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Lolita’s Cover Reimagined

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Lolita, at its core, is about the sexual abuse of a child. That’s why, for me, it was such a difficult book to read.

Complicating matters is the novel’s cover, which usually has some type of suggestive image of a young girl. Not exactly material you want to carry around in public.

And the covers also seemed to miss the mark on the book’s theme–which was more about a creepy old pervert than a suggestive young girl. Many recent covers of the novels seemed to take their inspiration more from Stanley Kubrick’s outlandish film, rather than Nabokov’s book.

So recently, I stumbled across this as-yet-unreleased book called Recovering Lolita, which gave 60 world-class designers the opportunity to redesign the cover of this classic novel. And let’s be honest: This book’s cover desperately needs new eyes and a fresh look.

The covers these designers came up with are fascinating–much more subtle and appropriate to the novel than the actual covers. Some incredible creativity here, I think, though I’m just a writer and not a designer by any means.

I thought I’d share some of these covers with you below. You can go to Imprint Magazine to read their interview with the creator of the competition, John Bertram, as well as take a look at some of the other cover designs.

This one gets the point across, but it’s a touch…cheesy maybe? I also think detective novel when I see the shadow of the guy in hat, presumably Humbert Humbert.

This one hits one of the main themes of the novel, including Humbert’s pronunciation of his nickname for Delores in the novel’s opening line. Less creepy.

I actually like this one best. I think it represents Humbert’s psychotic obsession with the girl through the journal-like off-centered scribblings of her name on paper.

Uncomfortable cover, if you know the theme of the book, but not overtly sexual. I think this one says a lot without saying much.

Again, you can go over to Imprint to see even more redesigned covers.

Do you think these covers represent the novel any better than the actual published versions?

(Images: Imprint Mag)

13 Comments Post a comment
  1. I agree with your choice, Robert. No matter what the content of a novel, it is not the place of a cover to judge it, and I think the pink one is the most neutral of the four you have shown. One can indeed judge a book by its cover, though this can often be misleading, and a cover should merely create interest in a book, not provide a judgment. A reader must approach a book with an open mind, not with a prejudice created by a cover. It’s a rather thin line to walk.


    April 11, 2012
    • Agreed. I’m just glad I’m not a designer that has to walk that line!


      April 11, 2012
  2. I’m really quite fond of the blue cover.


    April 11, 2012
    • I am as well. Humbert Humbert is the original unreliable narrator, seeing his own image and desires projected on a young girl, much like the reflection of his darkness in that shiny patent shoe. The book IS creepy and the cover is creepy in appropriately analogous way…and I like the composition.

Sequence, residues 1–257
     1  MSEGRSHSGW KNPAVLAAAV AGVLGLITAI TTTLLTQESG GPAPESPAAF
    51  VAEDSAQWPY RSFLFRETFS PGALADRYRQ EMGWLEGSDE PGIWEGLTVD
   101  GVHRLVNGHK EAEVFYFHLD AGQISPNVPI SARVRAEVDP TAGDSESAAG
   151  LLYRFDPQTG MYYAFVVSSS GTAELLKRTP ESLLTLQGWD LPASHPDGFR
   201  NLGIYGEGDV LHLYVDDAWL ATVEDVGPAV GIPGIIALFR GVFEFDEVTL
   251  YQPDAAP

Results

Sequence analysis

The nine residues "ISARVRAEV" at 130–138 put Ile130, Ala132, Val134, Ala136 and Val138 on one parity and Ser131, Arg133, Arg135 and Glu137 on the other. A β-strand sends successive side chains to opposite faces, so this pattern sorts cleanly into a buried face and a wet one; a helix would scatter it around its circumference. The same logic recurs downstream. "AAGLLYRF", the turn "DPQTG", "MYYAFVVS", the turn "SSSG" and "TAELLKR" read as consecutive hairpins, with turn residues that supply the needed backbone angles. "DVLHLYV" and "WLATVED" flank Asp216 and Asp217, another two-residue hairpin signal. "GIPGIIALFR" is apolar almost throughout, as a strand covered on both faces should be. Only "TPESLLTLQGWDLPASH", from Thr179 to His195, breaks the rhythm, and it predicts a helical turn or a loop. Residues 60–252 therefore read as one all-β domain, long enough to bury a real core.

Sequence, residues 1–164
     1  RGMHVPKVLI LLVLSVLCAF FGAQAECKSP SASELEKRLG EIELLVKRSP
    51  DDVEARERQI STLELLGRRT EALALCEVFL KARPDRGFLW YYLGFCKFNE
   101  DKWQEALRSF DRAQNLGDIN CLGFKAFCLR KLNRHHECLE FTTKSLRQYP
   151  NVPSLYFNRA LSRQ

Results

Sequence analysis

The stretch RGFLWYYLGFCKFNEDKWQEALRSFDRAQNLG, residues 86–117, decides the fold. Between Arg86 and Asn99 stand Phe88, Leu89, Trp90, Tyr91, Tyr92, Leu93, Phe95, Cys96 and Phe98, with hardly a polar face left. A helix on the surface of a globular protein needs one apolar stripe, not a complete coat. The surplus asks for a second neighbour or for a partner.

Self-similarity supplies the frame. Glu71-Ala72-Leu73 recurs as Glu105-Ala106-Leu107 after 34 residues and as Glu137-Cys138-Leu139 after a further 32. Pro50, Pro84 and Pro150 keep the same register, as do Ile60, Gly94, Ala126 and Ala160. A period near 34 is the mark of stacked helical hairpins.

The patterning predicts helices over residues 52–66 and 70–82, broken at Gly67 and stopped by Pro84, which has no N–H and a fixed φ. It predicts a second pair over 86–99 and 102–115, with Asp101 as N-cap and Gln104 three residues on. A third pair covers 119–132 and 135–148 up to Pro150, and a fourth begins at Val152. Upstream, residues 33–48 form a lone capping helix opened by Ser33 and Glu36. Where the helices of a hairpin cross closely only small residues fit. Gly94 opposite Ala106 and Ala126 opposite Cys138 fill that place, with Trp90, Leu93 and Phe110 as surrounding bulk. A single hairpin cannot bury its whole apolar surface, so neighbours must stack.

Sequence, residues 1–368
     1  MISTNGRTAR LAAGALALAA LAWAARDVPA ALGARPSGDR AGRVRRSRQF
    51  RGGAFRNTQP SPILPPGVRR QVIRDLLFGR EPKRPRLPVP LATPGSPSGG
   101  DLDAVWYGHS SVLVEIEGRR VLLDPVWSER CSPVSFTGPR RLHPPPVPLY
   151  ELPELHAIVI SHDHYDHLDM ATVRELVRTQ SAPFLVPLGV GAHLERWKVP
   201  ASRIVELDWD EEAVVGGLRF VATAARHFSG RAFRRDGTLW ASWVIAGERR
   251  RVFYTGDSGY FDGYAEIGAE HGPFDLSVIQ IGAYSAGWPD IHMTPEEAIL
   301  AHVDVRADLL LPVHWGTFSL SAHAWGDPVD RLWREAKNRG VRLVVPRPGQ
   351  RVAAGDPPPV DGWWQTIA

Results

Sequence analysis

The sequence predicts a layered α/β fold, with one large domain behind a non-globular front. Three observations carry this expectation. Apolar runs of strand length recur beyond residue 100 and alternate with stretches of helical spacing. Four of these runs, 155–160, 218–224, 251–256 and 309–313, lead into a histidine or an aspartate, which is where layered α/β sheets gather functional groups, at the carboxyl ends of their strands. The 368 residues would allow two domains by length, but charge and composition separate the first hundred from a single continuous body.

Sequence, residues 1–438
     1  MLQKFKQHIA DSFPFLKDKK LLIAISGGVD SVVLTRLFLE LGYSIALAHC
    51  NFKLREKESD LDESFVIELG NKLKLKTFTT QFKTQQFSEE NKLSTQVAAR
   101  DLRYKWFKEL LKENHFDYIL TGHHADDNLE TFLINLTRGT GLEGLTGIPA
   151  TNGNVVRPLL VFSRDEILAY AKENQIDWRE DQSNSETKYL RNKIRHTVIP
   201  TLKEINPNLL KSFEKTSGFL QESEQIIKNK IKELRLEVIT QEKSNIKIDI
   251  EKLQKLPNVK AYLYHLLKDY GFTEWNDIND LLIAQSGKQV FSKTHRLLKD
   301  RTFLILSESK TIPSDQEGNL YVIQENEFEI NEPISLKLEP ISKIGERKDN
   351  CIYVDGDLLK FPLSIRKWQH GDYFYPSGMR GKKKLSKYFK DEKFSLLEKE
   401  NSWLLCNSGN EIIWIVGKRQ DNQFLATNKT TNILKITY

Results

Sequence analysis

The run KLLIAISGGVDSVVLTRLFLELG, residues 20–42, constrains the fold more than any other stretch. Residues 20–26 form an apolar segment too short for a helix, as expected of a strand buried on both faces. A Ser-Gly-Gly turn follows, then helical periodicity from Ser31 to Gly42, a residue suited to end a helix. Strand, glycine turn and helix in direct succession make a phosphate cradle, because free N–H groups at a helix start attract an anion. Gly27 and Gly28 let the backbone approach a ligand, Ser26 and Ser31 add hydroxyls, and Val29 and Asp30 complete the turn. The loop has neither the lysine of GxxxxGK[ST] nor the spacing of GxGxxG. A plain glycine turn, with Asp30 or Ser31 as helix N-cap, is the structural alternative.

April 11, 2012
  3. Reblogged this on jessicawritesnow and commented:
    I think this is a very interesting endevour. The copy I own, a girl stands with her head looking at her shoes with little girl socks, yet in an older girl’s body. I think (off the top of my head) a bicycle is to the left of her. I favor the same one as the 101 books blogger does, because it’s pink (unfortuately the decidedly young girl’s stock color and the blacking out of text suggest creepy dude’s madness as well as a blindfold to indicate Lolita’s lost innocence through a violent sexual act repeated by dude’s perspective that accrues shame and overwhelming confusion upon roles.


    April 11, 2012
  4. I agreed with yr choice of the pink cover. Captures the psychotic nature of the guy & his obsession.
    Really enjoyed yr mix of images in your post & a great project to have been done. Thank goodness they are getting rid of the gross ‘sexy’ girl image. Will definitely check out Imprint


    April 11, 2012
  5. Really glad to see this effort. Lolita covers have been a pet-peeve of mine. So unfair. The bobby sox and the the blue cover both say it very well.


    April 11, 2012
    • I agree. Portrayed her so inaccurately.


      April 11, 2012
  6. This is one book I have never read because as you say its disturbing premise. I pick it up often enough and then put it back on the shelf. And maybe the covers contributed to it as well. I like the new ones especially the lo-lee-ta.. it is so creepy but the one with the socks is just brilliant.


    April 11, 2012
  7. I agree with the last comment. I’ve often set out to read it but then changed my mind. I like the pink cover best.


    April 12, 2012
  8. I like the bobby socks best. But I have to say that the one with the bug on the skin (on the website) is insanely good too. It gives you heebie jeebies.
    Ok and as much as I understand Lo didn’t start off that way, she does quickly pick up on how to use seduction and sex to get her way. But you’re right, the covers that depict her as sexy are unfair to her character and are too typical of that disgusting view: She was asking for it.


    April 16, 2012
  9. Even though judging books by their covers is famously a bad idea, it’s an interesting art, trying to get across a few of the key themes without spoiling anything.

    I’m a week late so anyone interested may have moved on, but on a similar theme, I found this interesting, a TED talk from the designer of Jurassic Park’s book cover, amongst others:


    April 18, 2012
  10. Reblogged this on bookgirl1987thoughts.


    April 24, 2012

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